US may hold move to withdraw GSP till new India govt takes over

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Published: May 8, 2019 5:31:02 AM

Ross, who is on a visit to India, echoed President Donald Trump’s charge of India being a “tariff king”. “India’s average applied tariff rate of 13.8%, and that remains the highest of any major world economy.

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The US has indicated that it could hold its proposed withdrawal of incentives on annual Indian exports of $5.6 billion under the so-called generalised system of preference (GSP) until the formation of the new government here, a source told FE. The rollback of the export incentives worth $190 million a year was to kick in from around mid-May. Analysts said the US move was aimed at giving New Delhi more time to sweeten its offers under an elusive trade package that both the sides had been negotiating for a long time.

US commerce secretary Wilbur Ross on Tuesday asked India to remove both tariff and non-tariff barriers for American companies and eliminate data localisation restrictions that “weaken data security and increase the cost of doing business”. Ross, who is on a visit to India, echoed President Donald Trump’s charge of India being a “tariff king”. “India’s average applied tariff rate of 13.8%, and that remains the highest of any major world economy. The very highest,” Ross said here at an event of the Trade Winds Forum and Trade Mission. He claimed that India imposed a 60% tariff on automobiles, 50% on motorcycles and 150% on alcoholic beverages. Its bound tariff rates (the highest rate it can charge under the WTO framework) on farm products averaged 113.5%, with some as high as 300%, he added.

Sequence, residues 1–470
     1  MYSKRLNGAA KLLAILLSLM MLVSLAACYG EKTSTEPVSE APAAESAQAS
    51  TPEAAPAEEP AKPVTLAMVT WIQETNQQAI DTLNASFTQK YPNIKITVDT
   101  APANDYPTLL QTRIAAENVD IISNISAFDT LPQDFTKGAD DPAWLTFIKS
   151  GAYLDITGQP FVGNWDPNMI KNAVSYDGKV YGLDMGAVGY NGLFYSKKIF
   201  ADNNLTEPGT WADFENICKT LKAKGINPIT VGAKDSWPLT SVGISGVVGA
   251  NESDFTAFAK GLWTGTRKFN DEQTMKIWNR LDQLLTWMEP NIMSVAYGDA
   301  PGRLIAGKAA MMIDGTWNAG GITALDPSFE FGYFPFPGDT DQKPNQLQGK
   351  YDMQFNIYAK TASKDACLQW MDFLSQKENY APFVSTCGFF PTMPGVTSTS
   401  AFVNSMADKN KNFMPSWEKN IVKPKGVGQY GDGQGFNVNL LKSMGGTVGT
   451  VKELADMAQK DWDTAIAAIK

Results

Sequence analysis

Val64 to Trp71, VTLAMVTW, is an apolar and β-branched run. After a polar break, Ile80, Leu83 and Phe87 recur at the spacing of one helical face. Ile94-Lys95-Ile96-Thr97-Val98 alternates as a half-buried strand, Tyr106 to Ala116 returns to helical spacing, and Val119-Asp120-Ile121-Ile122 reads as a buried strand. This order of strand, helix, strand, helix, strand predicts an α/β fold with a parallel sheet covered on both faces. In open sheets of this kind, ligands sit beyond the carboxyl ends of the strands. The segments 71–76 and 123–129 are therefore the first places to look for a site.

India’s import duty on ICT products such as network routers and switches and parts of cellular phones are as high as 20%, while the US rate for these same products is zero. “These are not justified percentages. They are way too high,” he rued. Without mentioning the new FDI rules in e-commerce, notified by New Delhi, that have caused unease among American companies such as Amazon and Walmart, Ross said: “…currently, US businesses face significant market access barriers in India. These include both tariff and non-tariff barriers, as well as multiple practices and regulations that disadvantage foreign companies”.

Countering the US allegation, analysts here have said even the US imposes very high import duties on several products, including 350% on tobacco and 164% on peanuts. Even countries like Japan impose up to a 736% duty on select products and Korea up to 807%. Importantly, India’s average tariff of 13.8% is much lower than the average bound rate of 48.5% it is allowed to charge under the WTO framework. Developing countries, as such, require better tariff protection than the developed ones, and the WTO acknowledged this need as well, they added.

As for the claim of high Indian tariff on farm items, a paper submitted by India, China and some others at the WTO points out that the domestic support per farmer in the US was $60,586 in 2016, a massive 267 times of India’s ($227). Huge subsidies have led to huge competitive advantage of farm products of developed countries in the global market, which has forced developing ones (like India) to offer limited tariff protection to their farmers from the onslaught of heavily-subsidised imports.

Ross also sought greater trade balance, arguing that while the US is India’s largest importer of goods and services, Washington is only the 13th largest exporter to New Delhi.

While the secretary acknowledged that US’ exports of goods to India last year jumped by $7.4 billion, or an impressive 29%, to $33 billion, New Delhi’s exports to Washington, too, rose 12% to $54 billion, representing a trade deficit in goods of $21 billion. For its part, India wants the US to acknowledge that it was one of the few countries (unlike China) with which Washington’s trade deficit actually shrank for a second straight year in 2018. Also, India remains the world’s fastest-growing major economy, which will continue to generate enormous
opportunities for American businesses.

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